Including university, conference, and union presidents, members with long histories in the church also spoke. One was E. Edward Zinke, a theologian and businessman, who spoke on his time on the 1973 committee for the General Conference that studied the role of women in the church as it pertains to ordination.
“I was on the committee that studied the role of women in the church,” said Zinke. “We discovered that there was no theological objection to the ordination of women. I believe that each committee that has been assigned since has overwhelmingly had the same result as our committee.”
Zinke listed suggestions for the writing committee, which included adding an emphasis that reflects the division’s commitment to biblical doctrine. He also suggested making a call for dialogue, referencing the 1973 study committee. “Conversation doesn't take place in two-minute bites with 400 people or 2,000 people. It takes place in smaller groups.”
Leslie Pollard, Oakwood University (Alabama) president, added additional historical context to the discussion. “Like the nation on whose soil we stand, our church wrestles with ideological forces designed to divide us. These forces are deep, they are cultural ideological differences,” he said. “And while this document is not directly about ordination, the subtext clearly is ordination — the ordination of women in ministry. I have the pleasure of living with and serving hundreds of millennials and Gen-Zs, and I can assure you [that] when they see injustice institutionalized by majority vote, it is a cause for disillusionment.”
Pollard described how the current situation took him back to his childhood, when, 55 years ago, Martin Luther King Jr. was condemned by southern clergymen who wanted King to stop his “illegal practices.” Pollard gave this quote from King’s response to the clergymen: “We should never forget that everything Adolf Hitler did to the Jews in Germany was legal. It was illegal to aid and comfort a Jew in Hitler's Germany.”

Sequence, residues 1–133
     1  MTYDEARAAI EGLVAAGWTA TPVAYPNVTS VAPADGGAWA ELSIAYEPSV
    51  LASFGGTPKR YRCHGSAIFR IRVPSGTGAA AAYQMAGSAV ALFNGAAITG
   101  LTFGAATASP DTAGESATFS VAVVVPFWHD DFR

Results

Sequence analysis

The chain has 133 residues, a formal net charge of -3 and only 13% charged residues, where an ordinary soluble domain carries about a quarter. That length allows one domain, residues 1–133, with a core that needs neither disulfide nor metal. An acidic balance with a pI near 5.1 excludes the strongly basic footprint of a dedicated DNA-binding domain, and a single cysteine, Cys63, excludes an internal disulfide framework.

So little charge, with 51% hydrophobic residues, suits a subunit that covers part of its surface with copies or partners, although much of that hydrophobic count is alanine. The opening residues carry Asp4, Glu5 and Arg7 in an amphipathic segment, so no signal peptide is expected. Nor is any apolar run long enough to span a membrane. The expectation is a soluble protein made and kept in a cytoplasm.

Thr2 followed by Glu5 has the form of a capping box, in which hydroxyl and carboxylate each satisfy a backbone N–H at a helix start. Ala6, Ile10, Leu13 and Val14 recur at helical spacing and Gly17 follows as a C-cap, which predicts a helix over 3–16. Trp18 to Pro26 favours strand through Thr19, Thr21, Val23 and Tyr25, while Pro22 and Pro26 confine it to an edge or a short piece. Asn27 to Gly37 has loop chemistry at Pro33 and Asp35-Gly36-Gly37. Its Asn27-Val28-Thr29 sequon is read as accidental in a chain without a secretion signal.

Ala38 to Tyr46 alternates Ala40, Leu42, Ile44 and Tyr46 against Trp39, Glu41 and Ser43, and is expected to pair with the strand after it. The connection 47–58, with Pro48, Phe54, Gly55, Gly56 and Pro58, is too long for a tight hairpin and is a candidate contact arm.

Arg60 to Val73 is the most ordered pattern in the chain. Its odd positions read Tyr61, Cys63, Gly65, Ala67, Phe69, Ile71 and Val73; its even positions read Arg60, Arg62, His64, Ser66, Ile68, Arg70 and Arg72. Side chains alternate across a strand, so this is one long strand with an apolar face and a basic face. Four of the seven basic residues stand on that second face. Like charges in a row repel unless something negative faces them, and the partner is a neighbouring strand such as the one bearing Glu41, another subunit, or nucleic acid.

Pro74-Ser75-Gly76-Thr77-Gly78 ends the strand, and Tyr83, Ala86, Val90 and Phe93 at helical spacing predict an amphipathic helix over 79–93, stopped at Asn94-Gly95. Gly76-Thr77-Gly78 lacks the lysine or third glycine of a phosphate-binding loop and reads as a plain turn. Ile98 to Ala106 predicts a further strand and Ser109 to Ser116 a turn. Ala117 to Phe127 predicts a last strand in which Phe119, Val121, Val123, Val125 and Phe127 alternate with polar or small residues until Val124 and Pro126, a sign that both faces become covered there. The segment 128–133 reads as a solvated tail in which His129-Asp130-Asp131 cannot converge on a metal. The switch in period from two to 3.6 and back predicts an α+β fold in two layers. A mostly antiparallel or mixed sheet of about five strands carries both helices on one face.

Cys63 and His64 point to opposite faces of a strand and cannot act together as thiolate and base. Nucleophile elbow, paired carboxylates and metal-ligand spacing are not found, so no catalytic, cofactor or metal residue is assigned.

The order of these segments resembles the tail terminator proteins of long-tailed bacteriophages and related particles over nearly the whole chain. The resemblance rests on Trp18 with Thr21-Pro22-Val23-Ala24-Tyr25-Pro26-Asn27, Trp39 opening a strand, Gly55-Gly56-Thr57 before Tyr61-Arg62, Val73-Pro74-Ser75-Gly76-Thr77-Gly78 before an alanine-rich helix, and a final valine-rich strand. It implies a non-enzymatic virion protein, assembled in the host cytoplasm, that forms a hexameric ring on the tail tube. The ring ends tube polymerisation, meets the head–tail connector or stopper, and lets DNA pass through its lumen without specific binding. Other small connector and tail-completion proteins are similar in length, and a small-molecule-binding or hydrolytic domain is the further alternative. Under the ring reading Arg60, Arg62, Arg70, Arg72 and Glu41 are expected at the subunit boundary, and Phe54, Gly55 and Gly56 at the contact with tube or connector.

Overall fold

“When a law is unjust, every law that supports it is also unjust,” added Pollard. “When a policy is unjust, every policy that supports it is also unjust. The policy before us today is unjust because the policy that it supports — the one that institutionalizes and [discriminates] against women in ministry — is unjust, unbiblical, and unscriptural. This policy should be rejected because it attempts to sustain what is unsustainable: discrimination in the body of Christ.”
Vanessa Pujic, a teacher in the Minnesota Conference, described herself as a young adult mother, Midwesterner, Adventist high school teacher, and former pastor who felt compelled to speak during the NAD YEM discussion. “I wholeheartedly reject the compliance document that was voted at Annual Council,” Pujic said. “And I call upon our division leadership to reject it. In fact, I call upon all 13 of our division executive committee [leaders] to reject the document, which places far too much power in the hands of a few and does not allow for the collective decisions reached as constituents of a particular region … to determine what works in their context.”
Pujic also addressed an underlying issue of the treatment of women in pastoral ministry, saying, “How disappointing that my church continues to ignore that obvious call of God in the lives of these many women who serve as pastors. With this kind of perception from the church they love, who but [a] woman called of God would dare to serve? … It is time to let the scales fall from our eyes and bear witness to the Spirit of God calling on our sons and our daughters. To the GC leaders I would say, ‘Please reject the temptation of hierarchy and hold others up so that in doing this, you may be the servant leaders that Jesus has called all of us to be.’”
The discussion wrapped at a few minutes after 12 noon; at 2 p.m. the writing committee began crafting the response in a board room of the NAD headquarters, after reviewing several dozen suggestions they received.